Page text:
I should have seen this coming. Any regrets? Of course not.




B commented that the pocket flaps might be overkill. These are perfectly nice double welts without adding in a fancy pocket flap. Any thoughts?




One big problem I had with the pattern is that it has a piece - the Lower Side Front piece - which is a real pain. No obvious notches or markings to show which way it should be sewn, and reasonable arguments for the grainline to point in 2 different directions. Maybe it would have never been an issue if I spent more time with Big 4 patterns, but let this be a cautionary note to anyone working on v6875.

I think this is incorrect:
Incorrect orientation of Burda 6875 side front pattern piece


I think this is correct:
Correct orientation of Burda 6875 side front pattern piece

I know it looks obvious when you know the answer, but trust me when I say it gets confusing, especially if your fabrics don't have an obvious right side/wrong side or a print to give you a clue.

The Fabric

I specifically bought the outer fabric, but tried to get the rest of the materials from my stash. In the end a lot of choices were made because there was only one thing that worked with everything else. You can kind of tell, given the history of some of the bits in this section!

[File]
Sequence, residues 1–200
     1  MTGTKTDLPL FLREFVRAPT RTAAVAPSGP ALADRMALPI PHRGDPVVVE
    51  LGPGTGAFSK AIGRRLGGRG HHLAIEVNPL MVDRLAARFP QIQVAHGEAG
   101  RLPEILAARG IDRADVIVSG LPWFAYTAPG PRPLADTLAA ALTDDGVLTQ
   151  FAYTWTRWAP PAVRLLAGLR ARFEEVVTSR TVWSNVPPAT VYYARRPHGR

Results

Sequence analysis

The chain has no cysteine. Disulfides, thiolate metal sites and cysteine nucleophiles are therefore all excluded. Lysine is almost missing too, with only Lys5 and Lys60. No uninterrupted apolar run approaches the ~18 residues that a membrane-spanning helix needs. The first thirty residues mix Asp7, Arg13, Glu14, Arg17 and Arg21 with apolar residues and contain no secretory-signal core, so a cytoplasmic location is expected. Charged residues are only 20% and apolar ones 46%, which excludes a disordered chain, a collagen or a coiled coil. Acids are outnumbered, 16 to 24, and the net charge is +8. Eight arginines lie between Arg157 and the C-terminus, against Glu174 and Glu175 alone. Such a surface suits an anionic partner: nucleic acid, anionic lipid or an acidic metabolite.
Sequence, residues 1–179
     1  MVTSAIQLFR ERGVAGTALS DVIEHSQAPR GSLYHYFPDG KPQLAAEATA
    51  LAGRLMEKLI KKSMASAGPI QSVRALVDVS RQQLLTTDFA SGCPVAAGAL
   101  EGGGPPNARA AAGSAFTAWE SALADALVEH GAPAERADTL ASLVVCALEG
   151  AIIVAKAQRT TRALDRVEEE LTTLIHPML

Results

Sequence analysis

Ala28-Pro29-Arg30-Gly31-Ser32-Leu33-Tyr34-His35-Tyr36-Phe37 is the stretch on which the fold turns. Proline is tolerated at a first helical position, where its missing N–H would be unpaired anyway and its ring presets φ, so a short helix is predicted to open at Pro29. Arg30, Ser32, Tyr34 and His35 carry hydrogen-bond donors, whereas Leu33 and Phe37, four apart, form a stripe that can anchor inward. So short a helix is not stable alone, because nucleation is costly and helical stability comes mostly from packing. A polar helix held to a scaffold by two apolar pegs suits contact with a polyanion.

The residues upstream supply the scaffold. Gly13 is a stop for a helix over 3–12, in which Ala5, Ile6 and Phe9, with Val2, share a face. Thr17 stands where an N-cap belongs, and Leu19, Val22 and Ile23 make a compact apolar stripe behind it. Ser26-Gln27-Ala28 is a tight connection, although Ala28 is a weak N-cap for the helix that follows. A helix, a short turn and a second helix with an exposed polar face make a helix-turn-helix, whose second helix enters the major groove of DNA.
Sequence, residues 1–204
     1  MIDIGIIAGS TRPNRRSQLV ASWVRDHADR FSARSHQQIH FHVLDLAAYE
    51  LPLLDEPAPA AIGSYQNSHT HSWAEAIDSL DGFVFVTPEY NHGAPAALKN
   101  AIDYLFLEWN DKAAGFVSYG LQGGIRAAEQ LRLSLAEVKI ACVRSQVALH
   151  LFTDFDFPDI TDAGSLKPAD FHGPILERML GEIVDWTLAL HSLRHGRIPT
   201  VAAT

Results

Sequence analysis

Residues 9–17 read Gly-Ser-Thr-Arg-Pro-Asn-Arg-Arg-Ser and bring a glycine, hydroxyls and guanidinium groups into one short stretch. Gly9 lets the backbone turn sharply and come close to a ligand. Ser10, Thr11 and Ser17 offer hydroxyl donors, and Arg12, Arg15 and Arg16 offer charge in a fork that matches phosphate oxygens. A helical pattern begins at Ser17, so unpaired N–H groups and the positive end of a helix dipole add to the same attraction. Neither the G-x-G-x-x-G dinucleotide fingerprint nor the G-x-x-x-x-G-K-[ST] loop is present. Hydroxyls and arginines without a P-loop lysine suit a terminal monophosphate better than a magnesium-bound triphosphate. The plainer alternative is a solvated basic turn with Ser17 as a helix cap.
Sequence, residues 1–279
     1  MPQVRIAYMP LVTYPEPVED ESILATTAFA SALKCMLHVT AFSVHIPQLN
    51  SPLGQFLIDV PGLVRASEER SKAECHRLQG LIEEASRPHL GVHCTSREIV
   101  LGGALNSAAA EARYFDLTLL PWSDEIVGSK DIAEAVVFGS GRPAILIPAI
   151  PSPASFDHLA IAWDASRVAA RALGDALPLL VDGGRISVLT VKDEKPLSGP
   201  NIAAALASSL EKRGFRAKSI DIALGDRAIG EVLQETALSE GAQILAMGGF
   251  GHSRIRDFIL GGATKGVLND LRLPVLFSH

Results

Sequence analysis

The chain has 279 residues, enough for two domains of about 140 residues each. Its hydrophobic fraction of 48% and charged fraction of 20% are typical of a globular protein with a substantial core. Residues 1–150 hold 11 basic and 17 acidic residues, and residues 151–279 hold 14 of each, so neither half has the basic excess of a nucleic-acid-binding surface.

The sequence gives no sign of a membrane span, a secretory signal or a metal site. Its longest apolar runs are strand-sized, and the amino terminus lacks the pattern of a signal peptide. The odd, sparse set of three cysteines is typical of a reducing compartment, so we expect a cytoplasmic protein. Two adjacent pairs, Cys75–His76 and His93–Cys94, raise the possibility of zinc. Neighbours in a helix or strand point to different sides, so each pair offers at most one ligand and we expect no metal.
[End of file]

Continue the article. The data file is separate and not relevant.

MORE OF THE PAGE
Outer
From EmmaOneSock's Black Friday Sale, but somehow from an English mill. Mix of polyester, silk and cotton. The fabric is a jacquard/brocade with grey/white flowers woven into a variegated background. I suspect it might be factory seconds as the flower detail is a bit mangled in sections, like they hadn't perfected the weaving pattern. But that's one of the things that makes it interesting. I used up the last of my Guterman 4888 thread on this fabric and REALLY need to find more!

This has a lot of bounce and a lot of texture. It's beautiful but it didn't behave. It frays and shrinks and expands. It doesn't take an iron well - I learned my lesson after accidentally burning it, but I also had to leave every pressed seam to cool under a piece of wood. In my notes it says that the fabric hates: irons, pins, needles, scissors, fusible interfacing and being handled.